About this course: Do you have data and wonder what it can tell you? Do you need a deeper understanding of the core ways in which machine learning can improve your business? Do you want to be able to converse with specialists about anything from regression and classification to deep learning and recommender systems? In this course, you will get hands-on experience with machine learning from a series of practical case-studies. At the end of the first course you will have studied.
Through hands-on practice with these use cases, you will be able to apply machine learning methods in a wide range of domains. This first course treats the machine learning method as a black box.Excel Skills for Business Essentials Weekly Assessment Quiz Answer (Macquarie University) [Coursera]
Using this abstraction, you will focus on understanding tasks of interest, matching these tasks to machine learning tools, and assessing the quality of the output. In subsequent courses, you will delve into the components of this black box by examining models and algorithms.
Together, these pieces form the machine learning pipeline, which you will use in developing intelligent applications. Learning Outcomes: By the end of this course, you will be able to: -Identify potential applications of machine learning in practice. You will learn a broad range of machine learning methods for deriving intelligence from data, and by the end of the course you will be able to implement actual intelligent applications. These applications will allow you to perform predictions, personalized recommendations and retrieval, and much more.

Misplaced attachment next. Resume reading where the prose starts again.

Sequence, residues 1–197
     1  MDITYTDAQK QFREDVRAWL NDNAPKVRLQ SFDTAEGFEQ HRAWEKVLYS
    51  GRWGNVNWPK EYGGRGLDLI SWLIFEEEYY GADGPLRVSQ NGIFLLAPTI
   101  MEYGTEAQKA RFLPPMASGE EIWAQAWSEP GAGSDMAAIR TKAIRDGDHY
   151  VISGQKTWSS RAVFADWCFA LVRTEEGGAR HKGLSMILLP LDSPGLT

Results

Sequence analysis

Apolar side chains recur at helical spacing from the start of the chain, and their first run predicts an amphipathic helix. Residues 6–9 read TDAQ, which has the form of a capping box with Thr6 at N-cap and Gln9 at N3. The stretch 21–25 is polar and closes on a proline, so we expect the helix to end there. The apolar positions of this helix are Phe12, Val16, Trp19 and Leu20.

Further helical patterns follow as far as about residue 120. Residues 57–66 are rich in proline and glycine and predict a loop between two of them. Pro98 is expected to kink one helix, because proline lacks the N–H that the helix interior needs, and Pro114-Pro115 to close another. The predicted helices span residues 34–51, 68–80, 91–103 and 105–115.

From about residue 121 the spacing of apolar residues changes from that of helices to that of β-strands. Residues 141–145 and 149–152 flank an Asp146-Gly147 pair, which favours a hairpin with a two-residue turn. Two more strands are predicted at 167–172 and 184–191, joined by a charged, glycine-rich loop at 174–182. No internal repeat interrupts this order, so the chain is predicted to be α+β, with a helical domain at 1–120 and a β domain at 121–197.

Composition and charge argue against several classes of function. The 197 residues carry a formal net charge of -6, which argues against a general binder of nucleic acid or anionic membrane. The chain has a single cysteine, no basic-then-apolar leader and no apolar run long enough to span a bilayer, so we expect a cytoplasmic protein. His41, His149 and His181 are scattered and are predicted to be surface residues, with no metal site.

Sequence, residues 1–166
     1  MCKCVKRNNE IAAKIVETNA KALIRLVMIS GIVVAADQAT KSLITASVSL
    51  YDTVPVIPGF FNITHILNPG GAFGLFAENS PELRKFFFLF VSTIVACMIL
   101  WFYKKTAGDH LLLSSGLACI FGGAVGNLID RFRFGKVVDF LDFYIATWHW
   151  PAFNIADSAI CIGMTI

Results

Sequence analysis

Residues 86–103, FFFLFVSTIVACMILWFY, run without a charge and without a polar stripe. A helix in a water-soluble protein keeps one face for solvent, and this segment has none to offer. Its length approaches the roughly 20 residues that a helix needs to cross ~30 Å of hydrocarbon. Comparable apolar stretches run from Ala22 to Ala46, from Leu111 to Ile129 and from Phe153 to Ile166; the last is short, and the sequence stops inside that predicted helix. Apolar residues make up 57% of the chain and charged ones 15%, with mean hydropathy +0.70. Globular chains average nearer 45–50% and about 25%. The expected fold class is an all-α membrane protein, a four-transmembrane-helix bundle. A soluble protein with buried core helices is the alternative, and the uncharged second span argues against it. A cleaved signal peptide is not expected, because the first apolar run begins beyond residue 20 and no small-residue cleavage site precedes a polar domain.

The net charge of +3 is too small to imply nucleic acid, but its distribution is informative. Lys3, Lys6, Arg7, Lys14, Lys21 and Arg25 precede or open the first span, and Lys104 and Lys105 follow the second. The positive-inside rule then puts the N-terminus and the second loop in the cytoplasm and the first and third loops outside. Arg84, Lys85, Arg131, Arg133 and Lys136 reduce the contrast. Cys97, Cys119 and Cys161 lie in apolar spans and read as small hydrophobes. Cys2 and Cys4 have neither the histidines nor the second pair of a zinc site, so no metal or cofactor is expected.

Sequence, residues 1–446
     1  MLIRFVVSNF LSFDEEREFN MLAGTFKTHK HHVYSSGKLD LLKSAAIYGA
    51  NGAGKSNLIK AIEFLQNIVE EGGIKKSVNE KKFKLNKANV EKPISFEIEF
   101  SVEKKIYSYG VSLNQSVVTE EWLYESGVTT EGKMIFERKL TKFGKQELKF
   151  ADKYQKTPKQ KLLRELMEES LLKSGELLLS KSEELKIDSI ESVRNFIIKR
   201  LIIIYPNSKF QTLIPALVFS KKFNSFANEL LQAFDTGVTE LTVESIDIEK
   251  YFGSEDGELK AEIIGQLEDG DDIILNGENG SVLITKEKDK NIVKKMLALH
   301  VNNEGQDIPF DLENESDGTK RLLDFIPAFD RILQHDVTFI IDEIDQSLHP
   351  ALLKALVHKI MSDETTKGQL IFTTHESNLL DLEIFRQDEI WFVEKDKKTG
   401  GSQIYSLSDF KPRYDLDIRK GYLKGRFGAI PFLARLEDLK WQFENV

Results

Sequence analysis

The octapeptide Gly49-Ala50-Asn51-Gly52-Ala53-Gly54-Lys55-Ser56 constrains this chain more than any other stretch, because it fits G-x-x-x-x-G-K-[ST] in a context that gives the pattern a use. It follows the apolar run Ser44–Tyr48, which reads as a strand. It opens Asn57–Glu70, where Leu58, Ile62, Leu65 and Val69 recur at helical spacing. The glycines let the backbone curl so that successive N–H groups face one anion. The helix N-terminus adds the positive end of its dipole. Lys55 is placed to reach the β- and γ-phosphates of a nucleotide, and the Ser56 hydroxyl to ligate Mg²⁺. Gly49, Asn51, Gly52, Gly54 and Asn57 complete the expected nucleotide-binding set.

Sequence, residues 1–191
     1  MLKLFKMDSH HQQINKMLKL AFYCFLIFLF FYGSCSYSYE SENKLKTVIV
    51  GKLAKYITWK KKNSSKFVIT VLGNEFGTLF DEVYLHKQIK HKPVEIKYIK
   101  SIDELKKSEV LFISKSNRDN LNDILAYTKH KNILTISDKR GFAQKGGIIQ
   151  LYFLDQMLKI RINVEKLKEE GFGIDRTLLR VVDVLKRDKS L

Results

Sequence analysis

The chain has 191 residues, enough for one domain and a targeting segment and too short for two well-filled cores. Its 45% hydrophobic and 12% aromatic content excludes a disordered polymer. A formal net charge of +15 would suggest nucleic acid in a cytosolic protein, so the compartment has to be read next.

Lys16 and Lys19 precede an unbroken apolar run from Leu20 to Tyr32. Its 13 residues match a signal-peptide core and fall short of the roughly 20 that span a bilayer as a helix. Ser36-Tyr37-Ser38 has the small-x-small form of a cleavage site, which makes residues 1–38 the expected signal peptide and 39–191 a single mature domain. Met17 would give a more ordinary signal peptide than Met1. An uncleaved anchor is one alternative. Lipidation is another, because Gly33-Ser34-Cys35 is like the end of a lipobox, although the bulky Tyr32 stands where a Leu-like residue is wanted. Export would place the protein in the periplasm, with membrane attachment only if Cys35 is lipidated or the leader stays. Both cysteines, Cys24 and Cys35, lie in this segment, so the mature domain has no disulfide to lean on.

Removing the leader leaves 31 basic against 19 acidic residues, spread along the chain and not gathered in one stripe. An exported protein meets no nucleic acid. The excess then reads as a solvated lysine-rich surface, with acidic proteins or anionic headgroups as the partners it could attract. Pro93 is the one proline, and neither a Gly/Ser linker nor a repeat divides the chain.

If you continue with the subsequent courses in the Machine Learning specialization, you will delve deeper into the methods and algorithms, giving you the power to develop and deploy new machine learning services.
To begin, we recommend taking a few minutes to explore the course site. These assignments—one per Module 2 through 6—will walk you through Python implementations of intelligent applications for:. This introduction to the specialization provides you with insights into the power of machine learning, and the multitude of intelligent applications you personally will be able to develop and deploy upon completion.